Tammy Kaiser is an RBT with a master’s degree in Jewish education. She’s planning on taking the BCBA exam in the spring and is also working on her Doctor of Science in Jewish studies. Tammy’s goal is to use her diverse background to look at the world of ABA through a lens of faith-based values. As a survivor of a mass shooting, Tammy also had to recover from a traumatic brain injury and PTSD. When she learned about ABA at a previous job, she realized that she had a unique perspective and mindset that could greatly benefit the field.
Looking at ABA from a trauma-informed lens is important. One of Tammy’s biggest challenges is to balance the idea of being an ABA professional with a trauma-informed approach. Being able to look at a family as a whole unit and taking the time to learn about them and their life is an important part of treatment. Taking a moment to connect with the family and meet them were they’re at can make all the difference in successful treatment.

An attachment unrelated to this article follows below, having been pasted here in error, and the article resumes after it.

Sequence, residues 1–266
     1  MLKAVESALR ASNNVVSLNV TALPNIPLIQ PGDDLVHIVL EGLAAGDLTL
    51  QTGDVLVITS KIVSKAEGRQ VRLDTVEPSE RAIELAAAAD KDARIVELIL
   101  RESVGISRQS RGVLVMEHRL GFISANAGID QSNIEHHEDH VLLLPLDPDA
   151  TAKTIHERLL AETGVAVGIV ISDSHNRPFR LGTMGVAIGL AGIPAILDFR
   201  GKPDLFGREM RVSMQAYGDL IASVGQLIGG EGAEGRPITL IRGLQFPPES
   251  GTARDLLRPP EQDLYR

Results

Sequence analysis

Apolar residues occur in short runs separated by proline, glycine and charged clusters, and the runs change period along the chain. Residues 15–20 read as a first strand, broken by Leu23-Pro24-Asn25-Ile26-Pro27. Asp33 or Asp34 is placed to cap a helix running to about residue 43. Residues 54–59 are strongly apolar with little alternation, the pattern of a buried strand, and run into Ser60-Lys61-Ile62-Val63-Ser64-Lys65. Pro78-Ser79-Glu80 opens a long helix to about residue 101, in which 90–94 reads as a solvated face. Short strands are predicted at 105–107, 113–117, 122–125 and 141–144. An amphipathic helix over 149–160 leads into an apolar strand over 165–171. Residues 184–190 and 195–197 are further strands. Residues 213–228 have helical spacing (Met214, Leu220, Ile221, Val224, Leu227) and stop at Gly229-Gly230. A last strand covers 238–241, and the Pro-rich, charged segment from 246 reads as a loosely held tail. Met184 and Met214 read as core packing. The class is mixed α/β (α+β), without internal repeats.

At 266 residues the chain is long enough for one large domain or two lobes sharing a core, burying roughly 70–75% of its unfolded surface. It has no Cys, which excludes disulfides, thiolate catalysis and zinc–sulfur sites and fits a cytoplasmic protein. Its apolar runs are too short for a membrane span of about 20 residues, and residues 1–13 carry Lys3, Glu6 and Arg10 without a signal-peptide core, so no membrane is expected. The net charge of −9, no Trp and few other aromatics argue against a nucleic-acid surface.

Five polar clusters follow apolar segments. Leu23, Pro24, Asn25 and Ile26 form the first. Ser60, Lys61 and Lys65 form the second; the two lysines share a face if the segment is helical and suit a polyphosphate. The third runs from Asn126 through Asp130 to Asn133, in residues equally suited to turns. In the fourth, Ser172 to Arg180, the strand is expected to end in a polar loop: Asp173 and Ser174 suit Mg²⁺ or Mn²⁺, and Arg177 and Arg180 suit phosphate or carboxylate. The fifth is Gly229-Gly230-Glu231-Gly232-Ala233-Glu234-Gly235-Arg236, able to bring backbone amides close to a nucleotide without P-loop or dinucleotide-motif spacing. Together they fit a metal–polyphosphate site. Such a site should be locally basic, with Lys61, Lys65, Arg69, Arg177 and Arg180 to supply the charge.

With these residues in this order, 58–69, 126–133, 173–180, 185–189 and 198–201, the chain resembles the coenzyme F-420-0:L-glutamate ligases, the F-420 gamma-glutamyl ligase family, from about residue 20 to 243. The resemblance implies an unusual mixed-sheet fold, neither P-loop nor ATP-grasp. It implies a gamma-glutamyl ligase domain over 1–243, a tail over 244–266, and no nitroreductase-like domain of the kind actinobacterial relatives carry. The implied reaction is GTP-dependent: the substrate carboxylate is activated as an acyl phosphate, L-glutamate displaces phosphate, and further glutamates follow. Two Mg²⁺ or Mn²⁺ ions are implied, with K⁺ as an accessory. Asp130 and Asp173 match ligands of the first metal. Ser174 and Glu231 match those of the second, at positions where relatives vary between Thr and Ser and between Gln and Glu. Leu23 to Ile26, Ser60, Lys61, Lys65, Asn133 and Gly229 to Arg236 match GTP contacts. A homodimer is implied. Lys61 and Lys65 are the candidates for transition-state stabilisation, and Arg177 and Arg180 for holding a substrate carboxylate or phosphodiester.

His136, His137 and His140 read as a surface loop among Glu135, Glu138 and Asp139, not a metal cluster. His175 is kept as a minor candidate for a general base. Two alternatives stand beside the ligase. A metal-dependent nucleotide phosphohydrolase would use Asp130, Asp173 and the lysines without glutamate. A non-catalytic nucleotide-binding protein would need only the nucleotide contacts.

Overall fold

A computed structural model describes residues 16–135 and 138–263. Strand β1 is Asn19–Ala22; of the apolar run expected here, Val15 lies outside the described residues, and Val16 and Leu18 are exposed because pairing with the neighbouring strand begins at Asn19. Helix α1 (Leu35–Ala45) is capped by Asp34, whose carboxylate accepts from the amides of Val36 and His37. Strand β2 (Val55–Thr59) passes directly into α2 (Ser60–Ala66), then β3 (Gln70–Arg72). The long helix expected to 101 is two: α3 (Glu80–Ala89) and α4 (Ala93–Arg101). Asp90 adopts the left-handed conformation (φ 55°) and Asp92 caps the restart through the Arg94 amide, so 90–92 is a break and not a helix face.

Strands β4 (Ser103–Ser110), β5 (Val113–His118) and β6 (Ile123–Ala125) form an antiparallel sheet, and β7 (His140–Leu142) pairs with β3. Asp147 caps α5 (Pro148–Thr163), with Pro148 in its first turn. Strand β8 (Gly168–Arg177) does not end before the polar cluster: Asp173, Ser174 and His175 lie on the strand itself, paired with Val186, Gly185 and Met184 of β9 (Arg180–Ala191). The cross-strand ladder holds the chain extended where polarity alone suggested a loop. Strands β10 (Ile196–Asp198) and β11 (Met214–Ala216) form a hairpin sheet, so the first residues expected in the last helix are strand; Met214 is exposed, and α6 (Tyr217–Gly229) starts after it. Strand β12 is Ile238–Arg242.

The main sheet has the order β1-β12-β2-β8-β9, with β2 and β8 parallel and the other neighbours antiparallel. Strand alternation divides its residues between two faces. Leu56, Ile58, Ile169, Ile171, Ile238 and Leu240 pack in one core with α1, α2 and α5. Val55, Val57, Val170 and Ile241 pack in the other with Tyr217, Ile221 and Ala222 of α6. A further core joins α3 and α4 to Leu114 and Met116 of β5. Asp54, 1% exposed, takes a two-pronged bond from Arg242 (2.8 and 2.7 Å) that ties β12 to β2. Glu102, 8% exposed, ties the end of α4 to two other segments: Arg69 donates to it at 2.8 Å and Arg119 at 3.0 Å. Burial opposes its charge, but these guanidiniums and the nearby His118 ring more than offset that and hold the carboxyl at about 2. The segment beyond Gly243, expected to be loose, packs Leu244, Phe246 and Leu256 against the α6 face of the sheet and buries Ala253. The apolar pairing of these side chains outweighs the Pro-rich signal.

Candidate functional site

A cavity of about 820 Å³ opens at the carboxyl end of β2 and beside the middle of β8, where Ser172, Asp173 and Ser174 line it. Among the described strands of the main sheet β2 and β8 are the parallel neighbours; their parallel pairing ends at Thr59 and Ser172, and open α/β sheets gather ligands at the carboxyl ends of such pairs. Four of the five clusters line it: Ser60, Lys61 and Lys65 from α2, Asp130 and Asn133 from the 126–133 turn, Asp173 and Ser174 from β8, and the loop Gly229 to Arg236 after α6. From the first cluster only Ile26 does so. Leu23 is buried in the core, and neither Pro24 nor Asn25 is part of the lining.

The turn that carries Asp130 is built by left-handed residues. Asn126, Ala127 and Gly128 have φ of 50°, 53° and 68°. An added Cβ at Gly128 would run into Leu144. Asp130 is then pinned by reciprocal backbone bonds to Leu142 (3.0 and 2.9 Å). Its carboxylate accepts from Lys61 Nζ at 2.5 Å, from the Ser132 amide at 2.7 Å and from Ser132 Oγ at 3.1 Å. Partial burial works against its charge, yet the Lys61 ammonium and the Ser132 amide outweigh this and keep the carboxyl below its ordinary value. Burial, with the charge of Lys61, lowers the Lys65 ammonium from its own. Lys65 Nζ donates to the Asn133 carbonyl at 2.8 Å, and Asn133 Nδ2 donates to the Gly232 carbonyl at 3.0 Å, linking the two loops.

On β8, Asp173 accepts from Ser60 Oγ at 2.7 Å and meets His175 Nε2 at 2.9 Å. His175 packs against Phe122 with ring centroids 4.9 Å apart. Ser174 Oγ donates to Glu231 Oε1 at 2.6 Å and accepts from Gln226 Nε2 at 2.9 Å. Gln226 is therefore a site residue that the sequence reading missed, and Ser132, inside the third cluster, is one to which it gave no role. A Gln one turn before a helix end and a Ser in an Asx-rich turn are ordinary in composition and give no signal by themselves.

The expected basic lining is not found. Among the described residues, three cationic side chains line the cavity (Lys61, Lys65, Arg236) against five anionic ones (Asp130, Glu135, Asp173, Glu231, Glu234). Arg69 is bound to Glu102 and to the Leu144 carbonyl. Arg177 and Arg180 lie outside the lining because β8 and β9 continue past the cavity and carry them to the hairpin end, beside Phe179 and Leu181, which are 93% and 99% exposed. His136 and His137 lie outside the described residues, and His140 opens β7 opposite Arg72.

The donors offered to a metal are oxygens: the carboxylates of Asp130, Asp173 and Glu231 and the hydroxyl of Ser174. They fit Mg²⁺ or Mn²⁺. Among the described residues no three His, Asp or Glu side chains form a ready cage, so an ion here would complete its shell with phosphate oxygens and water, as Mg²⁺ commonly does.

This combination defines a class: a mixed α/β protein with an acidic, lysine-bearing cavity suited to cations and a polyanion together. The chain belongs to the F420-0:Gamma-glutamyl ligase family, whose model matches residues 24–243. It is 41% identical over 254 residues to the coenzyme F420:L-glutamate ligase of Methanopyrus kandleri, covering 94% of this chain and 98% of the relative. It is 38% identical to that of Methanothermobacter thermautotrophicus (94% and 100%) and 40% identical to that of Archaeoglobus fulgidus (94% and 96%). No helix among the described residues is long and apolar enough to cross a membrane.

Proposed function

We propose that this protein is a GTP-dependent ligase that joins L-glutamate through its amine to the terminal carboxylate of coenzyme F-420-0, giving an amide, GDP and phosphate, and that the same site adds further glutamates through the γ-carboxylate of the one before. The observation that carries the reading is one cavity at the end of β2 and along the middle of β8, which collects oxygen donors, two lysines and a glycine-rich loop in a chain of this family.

Tammy is interested in creating a values-based system for ABA and focuses on putting children first. Children have just as many rights as adults and it’s important to consider the values and ethics of their families. This can help create treatment plans that fit within a family’s needs. Tammy feels that the field of ABA also needs more neurodiverse voices and could benefit from incorporating more empathy with scientific data. Compassionate care is becoming more of a mainstream topic in the field. Practitioners can benefit greatly from taking a step back and looking at the whole picture when treating clients.
- How incorporating faith-based values could positively impact ABA practices.
- Why using a trauma-informed approach in ABA can benefit clients.
- How merging empathy and a focus on feelings with scientific data can help the field of ABA.